Nicole Pisani - head chef at Ottolenghi's Nopi turned head chef at a London primary school - is one of the most exciting food talents around today. In this vibrant and beautiful cookbook she shares a treasured collection of recipes influenced by the many countries she's cooked in and the many chefs she's cooked with.
Salt. Butter. Bones celebrates what each of these ingredients represent: taste, flavour and the essence of everything. Every recipe explores bold flavours and innovative pairings and yet retains an elegant simplicity - by treating each ingredient with the reverence it deserves.
On top of chapters on fridge and larder staples; breakfast with friends; what to cook at the end of the day; and feasts to share with loved ones, Nicole explains some of the most innovative techniques in cooking today, ones that she developed during her many years as a chef in London's top restaurants, making them adaptable for home-cooking.
Innovative and evocative, Salt. Butter. Bones is a is a celebratory cookbook that captures the elegance of simple ingredients, written by one of the most dynamic, inquisitive chefs around.
We are a chef (Nicole) and a writer (Kate), and we love soup. It takes us back to basics, to the essence of simple food for the body and soul. When you eat a really good bowl of soup, it puts you in a good frame of mind, and you know you’re nourishing your body, too. Making soup is like therapy: it’s relaxing, creative and generous.
For both of us, eating is emotional, and we think that’s a great thing. Food should be a source of passion, of delight. Nicole can tell how a person is feeling the moment she walks into their kitchen: whether they’re at one with their world or in need of a ‘kitchen cleanse’, in other words the cupboards are cluttered but lots of delicious ingredients are being forgotten and left unseen and unused in the corners. We can feel it, too, when we get trapped in unhealthy eating patterns and need to make a fresh start. For us, the first step is usually making a fresh soup to rekindle our desire for health and happiness.
‘How do we find the ingredients? We simply open our eyes and look around us. We take the materials that are at hand, right in front of us, and prepare the best meal possible. We work with what we have in each and every moment.’ Bernie Glassman & Rick Fields, Instructions to the Cook (1996)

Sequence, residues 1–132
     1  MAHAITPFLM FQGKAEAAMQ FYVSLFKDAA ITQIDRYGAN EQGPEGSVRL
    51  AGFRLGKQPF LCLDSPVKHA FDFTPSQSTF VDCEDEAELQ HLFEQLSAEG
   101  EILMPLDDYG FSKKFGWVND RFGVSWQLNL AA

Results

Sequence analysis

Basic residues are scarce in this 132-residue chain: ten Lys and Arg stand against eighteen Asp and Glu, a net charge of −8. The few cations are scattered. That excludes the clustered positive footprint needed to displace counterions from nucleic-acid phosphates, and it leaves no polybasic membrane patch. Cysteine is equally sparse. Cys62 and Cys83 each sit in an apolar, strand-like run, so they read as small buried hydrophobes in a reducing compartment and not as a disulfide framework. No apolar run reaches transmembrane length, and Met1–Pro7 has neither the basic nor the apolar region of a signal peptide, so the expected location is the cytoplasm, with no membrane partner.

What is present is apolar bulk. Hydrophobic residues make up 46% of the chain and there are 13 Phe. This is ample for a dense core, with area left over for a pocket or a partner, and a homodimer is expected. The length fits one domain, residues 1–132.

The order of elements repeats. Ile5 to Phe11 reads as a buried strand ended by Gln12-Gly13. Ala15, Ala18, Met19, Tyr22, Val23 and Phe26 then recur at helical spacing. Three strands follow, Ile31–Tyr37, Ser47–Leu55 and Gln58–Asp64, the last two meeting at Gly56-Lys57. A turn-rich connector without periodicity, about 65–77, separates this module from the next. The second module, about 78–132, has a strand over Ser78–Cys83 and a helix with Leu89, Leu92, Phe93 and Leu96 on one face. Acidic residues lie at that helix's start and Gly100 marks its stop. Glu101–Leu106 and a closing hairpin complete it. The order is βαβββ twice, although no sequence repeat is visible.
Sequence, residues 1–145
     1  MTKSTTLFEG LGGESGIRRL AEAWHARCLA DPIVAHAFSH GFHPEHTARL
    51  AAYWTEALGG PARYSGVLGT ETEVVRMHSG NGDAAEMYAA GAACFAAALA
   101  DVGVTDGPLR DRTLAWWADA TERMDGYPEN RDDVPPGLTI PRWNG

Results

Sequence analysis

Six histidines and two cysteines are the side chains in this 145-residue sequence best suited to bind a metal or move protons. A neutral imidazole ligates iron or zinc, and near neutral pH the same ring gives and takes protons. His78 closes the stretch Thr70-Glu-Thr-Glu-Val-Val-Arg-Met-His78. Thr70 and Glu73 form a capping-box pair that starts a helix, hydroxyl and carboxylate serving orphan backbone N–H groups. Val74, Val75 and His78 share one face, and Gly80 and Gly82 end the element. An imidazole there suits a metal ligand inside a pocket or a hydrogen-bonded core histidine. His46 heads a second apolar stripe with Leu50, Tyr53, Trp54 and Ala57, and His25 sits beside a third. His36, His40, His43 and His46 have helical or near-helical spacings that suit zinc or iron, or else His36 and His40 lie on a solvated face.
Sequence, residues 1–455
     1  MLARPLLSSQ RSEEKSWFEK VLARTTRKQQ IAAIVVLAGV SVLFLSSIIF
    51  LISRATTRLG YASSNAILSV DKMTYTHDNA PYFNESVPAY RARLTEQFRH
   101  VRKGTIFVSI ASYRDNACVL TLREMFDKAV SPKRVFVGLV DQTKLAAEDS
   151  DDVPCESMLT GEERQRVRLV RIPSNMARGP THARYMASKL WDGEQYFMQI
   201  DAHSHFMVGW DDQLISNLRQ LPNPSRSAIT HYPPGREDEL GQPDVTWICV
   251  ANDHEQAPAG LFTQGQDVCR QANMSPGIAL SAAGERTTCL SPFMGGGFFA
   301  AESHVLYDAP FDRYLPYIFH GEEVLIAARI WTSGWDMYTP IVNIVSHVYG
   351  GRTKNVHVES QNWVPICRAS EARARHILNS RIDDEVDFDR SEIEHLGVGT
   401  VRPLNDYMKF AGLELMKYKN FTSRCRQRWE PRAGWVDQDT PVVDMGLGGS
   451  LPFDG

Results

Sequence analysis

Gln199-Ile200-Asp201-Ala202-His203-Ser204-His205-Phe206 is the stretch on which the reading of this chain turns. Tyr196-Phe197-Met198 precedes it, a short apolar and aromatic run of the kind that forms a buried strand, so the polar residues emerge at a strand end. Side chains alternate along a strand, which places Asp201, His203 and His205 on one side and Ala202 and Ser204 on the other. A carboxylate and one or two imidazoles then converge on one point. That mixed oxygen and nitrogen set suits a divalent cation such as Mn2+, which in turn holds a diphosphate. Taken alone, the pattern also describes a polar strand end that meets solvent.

Our aim is to show that cooking at home is the simple, unscientific but real life answer to healthy living. When you cook and eat from scratch, there’s very that isn’t good for you, in moderation at the very least; every recipe and every meal can have a little bit of magic in it. Depending on what we need and what we fancy, soup can be comforting, a quick lunchtime fix or a feast for the gods. As early as humans could build fires and make watertight pots, they made soups and stews with the ingredients they had to hand, and that tradition continues: Nicole will often make ‘everything left in the fridge’ soup, her own version of hunter-gathering, or an ode to Scotland with the Hotch Potch soup. Chicken soup makes us feel better when we’re poorly, while Spring miso or Kitchari is the perfect start to a healthy cleanse.
Cooking gathers people together, over the stove or at the table. It’s generous and giving, sitting and chatting is as nourishing as the food itself. There is a beautiful Latvian proverb, ‘a smile is half the meal’. And there are times when cooking is a way to get back to basics, taking a delicious healthy lunch to work in a thermos pot or roasting a few vegetables with herbs or spices and making simple soups for a busy week ahead.
Close your eyes and imagine everything you need for a good meal. Then make soup!